(a) Capillary pressure-saturation curve, (b) relative permeability-saturation curve, (c) the normalized total interfacial area of solid-wetting phases, SW, and nonwetting-wetting phases, NW, as a function of average wetting saturation, Sw (the areas are normalized to the total area under saturated conditions, which only belongs to the solid-wetting surfaces), and (d) the resulting BTC from the network under variably saturated conditions. The BTC belong to kswd = knwd = 0.1 mm and Sw=0.5. Interfaces associated with the fluid films are neglected.


The slope of kr-Sw is larger at higher saturation. This is due to the fact that the nonwetting phase first occupies the larger pores (which have the most contribution to the conductivity of the phase), after which there is a considerable drop in conductivity of the wetting phase. Further decrease in saturation will only cause slight decrease in permeability of the wetting phase, since almost all larger and percolating pores are already drained. As shown, the SW interfacial area decrease during drainage (interfaces associated with the fluid films are neglected). This is due to the invasion of pores by the nonwetting phase. Initially, under saturated conditions, there is no NW interface present. Thus, the area of NW interface starts at zero, and increases with decrease in saturation. At any given average saturation, the fluids distribution within the pores and thus the amount of SW and NW interfaces in each pore are known. The system of mass balance equations for pore elements can be solved, and breakthrough curve can be obtained for a  given average saturation.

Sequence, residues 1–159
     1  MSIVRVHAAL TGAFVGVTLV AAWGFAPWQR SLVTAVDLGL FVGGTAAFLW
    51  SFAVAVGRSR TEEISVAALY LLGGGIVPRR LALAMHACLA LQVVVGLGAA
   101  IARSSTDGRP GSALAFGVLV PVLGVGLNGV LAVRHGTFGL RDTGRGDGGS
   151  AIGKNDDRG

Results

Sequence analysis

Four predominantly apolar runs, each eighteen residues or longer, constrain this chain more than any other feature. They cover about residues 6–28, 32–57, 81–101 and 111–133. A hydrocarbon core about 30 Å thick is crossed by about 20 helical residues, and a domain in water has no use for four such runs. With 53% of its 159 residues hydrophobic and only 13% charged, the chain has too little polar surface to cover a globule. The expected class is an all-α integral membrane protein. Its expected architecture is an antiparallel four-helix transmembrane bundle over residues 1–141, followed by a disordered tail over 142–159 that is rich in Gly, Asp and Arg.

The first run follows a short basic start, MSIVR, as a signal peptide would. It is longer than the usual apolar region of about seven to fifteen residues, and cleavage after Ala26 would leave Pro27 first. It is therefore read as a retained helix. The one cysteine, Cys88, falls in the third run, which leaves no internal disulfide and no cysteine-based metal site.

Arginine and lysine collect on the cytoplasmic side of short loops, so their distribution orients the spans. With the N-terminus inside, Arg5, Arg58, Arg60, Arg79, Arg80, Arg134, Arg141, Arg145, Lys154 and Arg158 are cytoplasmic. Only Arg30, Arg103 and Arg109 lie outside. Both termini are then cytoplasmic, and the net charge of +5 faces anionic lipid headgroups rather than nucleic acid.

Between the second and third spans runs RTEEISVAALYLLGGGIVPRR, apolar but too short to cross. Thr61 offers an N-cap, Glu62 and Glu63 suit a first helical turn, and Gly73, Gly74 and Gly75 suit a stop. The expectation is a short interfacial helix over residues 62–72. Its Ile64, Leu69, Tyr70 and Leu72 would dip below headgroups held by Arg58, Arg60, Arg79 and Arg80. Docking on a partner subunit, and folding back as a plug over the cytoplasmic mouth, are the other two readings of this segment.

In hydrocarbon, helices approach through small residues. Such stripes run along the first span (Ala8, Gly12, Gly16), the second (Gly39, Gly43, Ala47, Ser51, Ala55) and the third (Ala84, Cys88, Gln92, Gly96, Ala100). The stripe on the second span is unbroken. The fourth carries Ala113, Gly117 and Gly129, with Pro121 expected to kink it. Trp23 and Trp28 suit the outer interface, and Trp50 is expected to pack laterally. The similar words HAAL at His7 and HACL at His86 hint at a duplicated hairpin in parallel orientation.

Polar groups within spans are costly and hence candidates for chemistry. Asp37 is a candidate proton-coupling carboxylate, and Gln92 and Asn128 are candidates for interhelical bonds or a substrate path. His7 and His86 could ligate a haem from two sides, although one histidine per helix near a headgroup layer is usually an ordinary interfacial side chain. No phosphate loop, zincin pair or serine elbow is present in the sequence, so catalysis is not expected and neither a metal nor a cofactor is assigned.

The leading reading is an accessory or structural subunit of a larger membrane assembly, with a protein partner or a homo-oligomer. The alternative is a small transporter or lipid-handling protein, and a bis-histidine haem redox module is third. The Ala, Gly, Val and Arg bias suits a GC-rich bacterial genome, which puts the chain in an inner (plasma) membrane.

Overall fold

4– Reactive transport in wellbore cement under CO2 storage conditions

Wellbore integrity is widely regarded as one of the main potential risks regarding containment of carbon dioxide in geological storage systems. One of the primary concerns is that chemical degradation of the cement used to seal wellbores may provide or enhance preferential pathways for CO2 escape. Numerous laboratory studies have addressed the chemical interaction between cured cement and carbon dioxide. The process involves dissolution of CO2 in the pore fluid, which leads to the formation and dissociation of carbonic acid. This acidification is buffered primarily by reaction with portlandite, Ca(OH)2, and the calcium silicate hydrate, C-S-H, phases present in cement, thereby precipitating calcium carbonate, CaCO3, and eventually amorphous silica gel.

In order to integrate, explain or predict the highly variable results on cement degradation obtained in laboratory experiments or field situations, it is necessary to incorporate the key physical, chemical and microstructural processes that operate into numerical models that can be applied to any set of boundary conditions. PoreFlow is used to show the dynamics of reactive solute transport and pore structure evolution in wellbore cement under conditions of full hydro-chemical coupling. We study cement degradation reactions and the evolution of pore space when cement is exposed to CO2 at temperatures similar to those expected in CO2 storage sites. Solute concentration values for both pore bodies and pore throats within the pore network are calculated. To calculate concentrations changes due to chemical reactions Biogeochemical Reaction Network Simulator (BRNS) (Regnier et al., 2002) was used. BRNS is capable of handling a comprehensive suite of multi-component complexation and mineral precipitation and dissolution reactions as well as reaction networks characterised by multiple kinetic pathways.

A constant CO2 molar concentration equal to 2.0M equilibrated with water at 50°C is imposed at the inlet boundary of the model domain using a Dirichlet boundary condition.